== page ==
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Tree-ness House injects nature in the Tokyo cityscape

The apartment building’s design is inspired by that of a tree to give off that impression of a concrete jungle.



At a time when infrastructures and industrialization are slowly covering cities and other populous areas, it is always good to see a shade of green. Some designers are hard-pressed on blending nature with architecture, and that’s what a Japanese architect did for a new multi-story complex situated at the heart of busy Tokyo.

A report by Design Boom showcases Akihisa Hirata’s recently completed project, dubbed as the “Tree-ness House.” Located in the Otsuka district of Tokyo, Hirata once again displays his love for nature-inspired structures with the complex.

The residential building is narrow and decorated with small trees, placed at various parts of the establishment’s floors. Though it may look small on the outside, the structure has spaces for commercial use at the lower levels, aside from residential areas inside.

Hirata’s new project stands out among its neighbors in the Otsuka district, and it could be a popular find on the real estate. Its modern design and organic layering system make it ideal for young professionals working in the proximity. At its core, the Tree-ness House looks to simulate an indoor-outdoor living, and it is also a reminder of Bosco Verticale or “Vertical Forest” in Milan but on a smaller scale, says Curbed.

One standout feature of the apartment building is that it isn’t designed to look like floors stacked up one another. Instead, Hirata’s design resembles a tree to create what seems like a concrete jungle that incorporates surrounding elements such as streets and other surrounding spaces. Hirata says “a tree consists of different parts such as roots, a trunk, branches, leaves and flowers, but these parts are not totally independent.”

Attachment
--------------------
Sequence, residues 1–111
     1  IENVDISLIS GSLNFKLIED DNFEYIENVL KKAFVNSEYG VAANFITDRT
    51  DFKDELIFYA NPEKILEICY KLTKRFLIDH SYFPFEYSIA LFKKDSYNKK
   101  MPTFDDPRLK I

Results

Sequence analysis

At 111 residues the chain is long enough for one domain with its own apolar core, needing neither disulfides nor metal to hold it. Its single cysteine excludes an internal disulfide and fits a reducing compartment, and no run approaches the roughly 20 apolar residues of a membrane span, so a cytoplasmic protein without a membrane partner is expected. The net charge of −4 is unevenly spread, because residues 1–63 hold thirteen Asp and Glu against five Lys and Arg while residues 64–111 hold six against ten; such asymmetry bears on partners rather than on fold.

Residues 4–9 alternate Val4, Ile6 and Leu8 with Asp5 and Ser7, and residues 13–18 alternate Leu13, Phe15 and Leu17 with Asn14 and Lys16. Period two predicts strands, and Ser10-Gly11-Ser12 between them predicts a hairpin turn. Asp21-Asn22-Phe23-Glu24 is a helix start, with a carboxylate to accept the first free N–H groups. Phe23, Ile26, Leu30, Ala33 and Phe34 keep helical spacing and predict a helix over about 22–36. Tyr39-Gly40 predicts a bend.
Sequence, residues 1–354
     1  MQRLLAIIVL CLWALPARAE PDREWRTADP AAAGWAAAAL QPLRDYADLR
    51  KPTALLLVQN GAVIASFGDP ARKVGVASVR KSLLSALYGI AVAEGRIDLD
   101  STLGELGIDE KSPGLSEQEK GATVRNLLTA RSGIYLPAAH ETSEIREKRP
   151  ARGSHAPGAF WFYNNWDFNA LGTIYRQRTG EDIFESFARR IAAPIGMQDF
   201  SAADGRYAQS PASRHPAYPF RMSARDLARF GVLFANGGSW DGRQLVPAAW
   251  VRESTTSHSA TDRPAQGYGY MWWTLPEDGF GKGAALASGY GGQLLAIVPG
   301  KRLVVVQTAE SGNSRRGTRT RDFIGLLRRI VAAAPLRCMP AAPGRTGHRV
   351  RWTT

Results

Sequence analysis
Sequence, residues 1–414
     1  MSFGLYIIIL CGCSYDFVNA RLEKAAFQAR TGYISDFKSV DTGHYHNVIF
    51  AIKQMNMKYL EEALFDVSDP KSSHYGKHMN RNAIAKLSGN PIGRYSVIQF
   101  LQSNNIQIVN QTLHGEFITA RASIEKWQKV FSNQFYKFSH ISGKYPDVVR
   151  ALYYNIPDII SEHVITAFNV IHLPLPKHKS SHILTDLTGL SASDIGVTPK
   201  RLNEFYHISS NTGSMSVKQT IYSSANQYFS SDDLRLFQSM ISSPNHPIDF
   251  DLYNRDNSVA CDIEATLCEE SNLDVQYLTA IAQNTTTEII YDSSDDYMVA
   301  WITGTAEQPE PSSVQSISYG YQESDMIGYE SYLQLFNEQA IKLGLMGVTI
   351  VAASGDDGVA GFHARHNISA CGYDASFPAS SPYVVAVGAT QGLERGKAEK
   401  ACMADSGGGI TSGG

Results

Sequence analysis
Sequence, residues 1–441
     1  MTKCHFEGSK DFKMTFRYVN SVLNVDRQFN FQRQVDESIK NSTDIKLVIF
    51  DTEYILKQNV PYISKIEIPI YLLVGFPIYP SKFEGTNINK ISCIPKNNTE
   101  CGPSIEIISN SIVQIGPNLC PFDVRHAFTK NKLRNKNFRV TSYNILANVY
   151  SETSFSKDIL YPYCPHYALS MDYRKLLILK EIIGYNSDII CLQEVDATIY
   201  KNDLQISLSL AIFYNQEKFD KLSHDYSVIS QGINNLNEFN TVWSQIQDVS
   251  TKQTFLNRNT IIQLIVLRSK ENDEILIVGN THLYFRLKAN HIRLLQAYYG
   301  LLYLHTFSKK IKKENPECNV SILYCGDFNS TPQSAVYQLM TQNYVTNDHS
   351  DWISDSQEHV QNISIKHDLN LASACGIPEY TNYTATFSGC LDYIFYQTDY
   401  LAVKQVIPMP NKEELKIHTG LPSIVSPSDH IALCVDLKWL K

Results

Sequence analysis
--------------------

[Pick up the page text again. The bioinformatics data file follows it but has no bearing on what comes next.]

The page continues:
Akihisa Hirata’s trademark in every architectural design revolves around nature and trees. (Source)

Some parts of the exterior in the Tree-ness House can serve as balconies. These areas seemingly blend in with the entirety of the building, making it all the more stylish and natural. The interior of the complex is spacious too. Each room varies in size, but none are too small to be considered as uncomfortable.

Akihisa Hirata is known for his nature-centric themes when it comes to architecture. His structures are also distinguished as it seamlessly melds itself with surrounding external spaces.

One of his projects called Kotoriku, for instance, mixes perfectly with the city grid. Like the Tree-ness House, Kotoriku is stylish, modern, and minimalist. Of course, the establishment also has a touch of Hirata’s affinity with nature and trees. Another similarity that Kotoriku shares with the Tree-ness House is its rooms vary in shape and size, making each area a unique experience.

Hirata’s works have made him quite popular in the Japanese architecture scene. With his latest projects, the architect could draw in more fans to his nature-focused and space-efficient themes.

More architects should follow in the steps of Hirata. By incorporating his motifs into various parts of the world, architects will be able to keep industrialization to a minimum. Hirata’s compact and space-friendly designs would mean more available spaces to rent out and live in as well.

(Featured Image by Forgemind Archimedia via Flickr. CC BY 2.0)

Suzanne Mitchell juggles the busy life of a full-time mom and entrepreneur while also being a writer-at-large for several business publications. Her work mostly covers the financial sector, including traditional and alternative investing. She shares reports and analyses on the real estate, fintech and cryptocurrency markets. She also likes to write about the health and biotech industry, in particular its intersection with clean water and cannabis. It is one of her goals to always share things of interest to women who want to make their mark in the world.